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The Emotional Intelligence of Leaders

Autor:   •  February 10, 2018  •  1,990 Words (8 Pages)  •  123 Views

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After reading McCrimmon’s article, I was able to better understand his point of view regarding “thought leadership” McCrimmon (2005). His article was set up entirely different from the Goleman article. McCrimmon provides an abstract which details the purpose of his article, his viewpoint and all of the findings and background information that he shares as essential for success.

McCrimmon believes that organizations with fast growth understand the approach of thought leadership and how it is different from other forms of leadership. Essentially, thought leaders are defined as leaders that are not necessarily in leadership positions on the job. I found it interesting that this type of leader is not asked to make decisions but will challenge how a job is operational and work eagerly toward transformation.

Thought leadership challenges the way that we operate. Thinking logically with facts and the proper use of emotions is one way of describing this form of leadership. This type of leader is able to bring fresh ideas to the table and effectively change operating procedures. I have a personal experience with this form of leadership. When I was first hired on my job, my project manager asked me to attend a meeting where the entire staff would be going over some standard operating procedures on how to track external training through the standard form adopted from the Office of Personnel Management (OPM). As I sat in the meeting, I was flabbergasted by the antiquated process. I wanted to speak up about a more effective way to get the job done without little to any disruption but was afraid I may be ignored since I was the new girl on the team. As the meeting progressed, I decided to interject my thoughts and to my surprise, my team loved my approach and took my idea to my project manager who made the decision that I should begin to work with the team lead to execute the plan as soon as possible. I was thrilled that my idea was being implemented in the new process and was proud that I had enough courage to speak up at the meeting. My example paints the picture of a significant detail in thought leadership. At the time, I was not in a management position on the team. I was not asked for my opinion but my idea received the credit for a successful streamlined process that others follow to this day.

A logical idea presented by an entry level employee like the personal example I gave earlier can be a characteristic in thought leadership. The author provided a few scenarios to assist with helping me to understand what he was trying to convey. From those examples, I was able to understand the different variations. This type of leader may be able to support someone else’s idea because it was more inspiring. This leadership can come from people that we don’t even know. For example, Nelson Mandela and Abraham Lincoln are leaders who have impacted an entire nation while they were alive and even in their death. An interesting fact about this type of leadership is how it can occur. An example of this is collaboration in an “all hands” meeting and someone blurts out a great idea and without any evidence that the idea can work, the team goes through a trial and error experiment to test out the idea. This type of leadership can be learned through personal experience or through someone else’s idea.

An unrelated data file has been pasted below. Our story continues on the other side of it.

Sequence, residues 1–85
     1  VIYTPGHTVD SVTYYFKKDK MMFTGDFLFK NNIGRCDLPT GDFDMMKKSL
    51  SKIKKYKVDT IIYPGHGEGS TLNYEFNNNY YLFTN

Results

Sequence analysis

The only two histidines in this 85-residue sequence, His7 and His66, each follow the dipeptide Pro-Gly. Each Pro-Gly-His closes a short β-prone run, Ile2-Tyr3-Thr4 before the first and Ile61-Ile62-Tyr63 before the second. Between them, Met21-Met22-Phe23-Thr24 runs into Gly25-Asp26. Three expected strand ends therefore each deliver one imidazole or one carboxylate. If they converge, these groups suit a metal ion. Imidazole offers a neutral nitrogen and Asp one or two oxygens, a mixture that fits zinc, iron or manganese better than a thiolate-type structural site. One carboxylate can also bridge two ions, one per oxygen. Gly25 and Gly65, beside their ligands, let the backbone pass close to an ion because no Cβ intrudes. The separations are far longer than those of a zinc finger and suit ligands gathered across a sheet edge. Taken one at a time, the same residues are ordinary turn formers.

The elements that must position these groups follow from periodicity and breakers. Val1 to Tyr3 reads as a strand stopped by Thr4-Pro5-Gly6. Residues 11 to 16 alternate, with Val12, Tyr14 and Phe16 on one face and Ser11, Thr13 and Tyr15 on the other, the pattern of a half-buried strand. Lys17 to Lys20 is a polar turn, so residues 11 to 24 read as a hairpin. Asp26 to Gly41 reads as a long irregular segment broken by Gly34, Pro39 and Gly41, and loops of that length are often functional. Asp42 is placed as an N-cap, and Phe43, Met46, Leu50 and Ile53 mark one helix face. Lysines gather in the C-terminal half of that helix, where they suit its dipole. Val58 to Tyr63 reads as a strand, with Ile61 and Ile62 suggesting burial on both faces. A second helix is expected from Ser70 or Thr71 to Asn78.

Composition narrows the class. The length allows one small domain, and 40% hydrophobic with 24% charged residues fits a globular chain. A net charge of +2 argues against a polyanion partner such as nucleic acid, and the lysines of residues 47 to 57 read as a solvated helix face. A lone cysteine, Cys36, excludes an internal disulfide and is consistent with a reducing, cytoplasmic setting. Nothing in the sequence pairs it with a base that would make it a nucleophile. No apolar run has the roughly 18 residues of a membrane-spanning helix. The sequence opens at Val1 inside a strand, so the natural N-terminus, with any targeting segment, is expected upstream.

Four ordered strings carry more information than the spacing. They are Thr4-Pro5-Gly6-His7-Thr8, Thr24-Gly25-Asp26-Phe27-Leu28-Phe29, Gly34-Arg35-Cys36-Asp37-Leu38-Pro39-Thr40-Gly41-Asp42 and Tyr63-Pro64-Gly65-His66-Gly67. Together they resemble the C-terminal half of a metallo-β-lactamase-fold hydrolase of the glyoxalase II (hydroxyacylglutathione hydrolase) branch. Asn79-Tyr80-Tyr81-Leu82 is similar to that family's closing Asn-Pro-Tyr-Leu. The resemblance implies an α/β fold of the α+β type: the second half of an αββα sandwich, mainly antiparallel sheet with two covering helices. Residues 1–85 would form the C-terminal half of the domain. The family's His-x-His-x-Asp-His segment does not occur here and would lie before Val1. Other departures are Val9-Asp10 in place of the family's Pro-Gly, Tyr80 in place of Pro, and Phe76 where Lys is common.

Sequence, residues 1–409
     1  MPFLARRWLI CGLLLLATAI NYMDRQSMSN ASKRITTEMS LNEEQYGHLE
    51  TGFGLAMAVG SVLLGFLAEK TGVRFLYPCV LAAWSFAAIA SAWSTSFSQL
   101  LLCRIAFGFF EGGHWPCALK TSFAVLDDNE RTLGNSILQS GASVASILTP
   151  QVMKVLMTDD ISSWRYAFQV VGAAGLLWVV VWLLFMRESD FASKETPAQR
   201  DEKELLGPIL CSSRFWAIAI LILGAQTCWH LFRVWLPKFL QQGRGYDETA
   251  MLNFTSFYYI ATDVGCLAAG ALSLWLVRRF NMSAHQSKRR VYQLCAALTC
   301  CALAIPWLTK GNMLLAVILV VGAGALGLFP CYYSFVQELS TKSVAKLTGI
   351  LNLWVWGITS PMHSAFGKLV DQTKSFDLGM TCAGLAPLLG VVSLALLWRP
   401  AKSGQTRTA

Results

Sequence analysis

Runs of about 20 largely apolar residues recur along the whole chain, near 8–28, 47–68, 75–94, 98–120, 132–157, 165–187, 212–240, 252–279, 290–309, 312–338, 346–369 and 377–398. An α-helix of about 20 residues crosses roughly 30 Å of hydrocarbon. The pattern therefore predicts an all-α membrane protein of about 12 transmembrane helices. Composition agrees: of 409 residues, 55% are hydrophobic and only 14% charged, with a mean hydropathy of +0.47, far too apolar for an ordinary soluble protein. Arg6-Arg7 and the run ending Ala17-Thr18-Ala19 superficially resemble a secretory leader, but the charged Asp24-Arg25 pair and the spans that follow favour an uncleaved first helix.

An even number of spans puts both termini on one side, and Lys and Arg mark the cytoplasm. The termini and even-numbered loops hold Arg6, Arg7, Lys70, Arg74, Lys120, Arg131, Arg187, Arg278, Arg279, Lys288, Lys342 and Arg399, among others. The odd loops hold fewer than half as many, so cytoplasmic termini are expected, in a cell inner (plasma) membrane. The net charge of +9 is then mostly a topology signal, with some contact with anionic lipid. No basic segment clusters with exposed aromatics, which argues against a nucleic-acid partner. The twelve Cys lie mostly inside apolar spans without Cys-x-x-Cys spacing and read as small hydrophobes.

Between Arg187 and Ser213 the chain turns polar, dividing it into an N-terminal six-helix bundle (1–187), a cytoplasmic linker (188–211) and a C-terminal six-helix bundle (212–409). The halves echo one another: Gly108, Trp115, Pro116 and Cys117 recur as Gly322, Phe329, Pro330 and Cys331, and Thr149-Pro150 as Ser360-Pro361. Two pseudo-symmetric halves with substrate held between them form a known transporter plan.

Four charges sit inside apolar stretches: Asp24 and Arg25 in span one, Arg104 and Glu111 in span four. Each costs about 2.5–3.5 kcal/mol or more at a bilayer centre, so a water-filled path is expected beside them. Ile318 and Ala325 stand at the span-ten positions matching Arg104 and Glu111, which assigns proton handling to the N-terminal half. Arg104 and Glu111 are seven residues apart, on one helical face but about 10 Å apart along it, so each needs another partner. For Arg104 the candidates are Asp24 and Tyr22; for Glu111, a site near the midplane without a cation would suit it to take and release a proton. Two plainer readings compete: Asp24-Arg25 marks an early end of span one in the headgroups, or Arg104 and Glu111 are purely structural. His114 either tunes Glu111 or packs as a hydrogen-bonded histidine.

In conclusion, the author closes with comments that help support his idea of why this type of leadership is important in the rising of groundbreaking organizations. He argues that thought leadership focuses on the elevation of new ideas and why it is so important to focus on just that component in order to be a successful leader.

I once worked a job where the leaders in higher positions were all women. This was a new experience for me and I was not able to flourish on this job like I would have liked to. The bickering back and forth became the new normal on the job. I didn’t want the stigma of women not being able to handle leadership and powerful positions to be my reality but I did find communication and expressing feelings in a productive way challenging when there was a problem on the job. Emotional intelligence is ongoing and is a struggle for a lot of leaders.

After reading Goleman’s article I was able to connect more with realizing the issues I once encountered. His point of view was more convincing to me because of the connection I was able to build. I enjoyed how both authors argued their cases and I found both articles to be intriguing. McCrimmon’s article was very thought provoking and he definitely backed up his point of viewpoint with various definitions and examples throughout the article. Overall, both topics in the articles are important in leadership. In my opinion, a true leader must exude emotional confidence and be able to take an intelligent idea and make it innovative.

References

Goleman, D. (1998). The Emotional Intelligence of Leaders. Leader to Leader, 1998(10), 20-26.

McCrimmon, M. (2005). Thought leadership: A radical departure from traditional, positional leadership. Management Decision, 43(7), 1064-1070. Retrieved from http://ezproxy.umuc.edu/login?url=http://search.proquest.com/docview/2120066167?accountid=14580.

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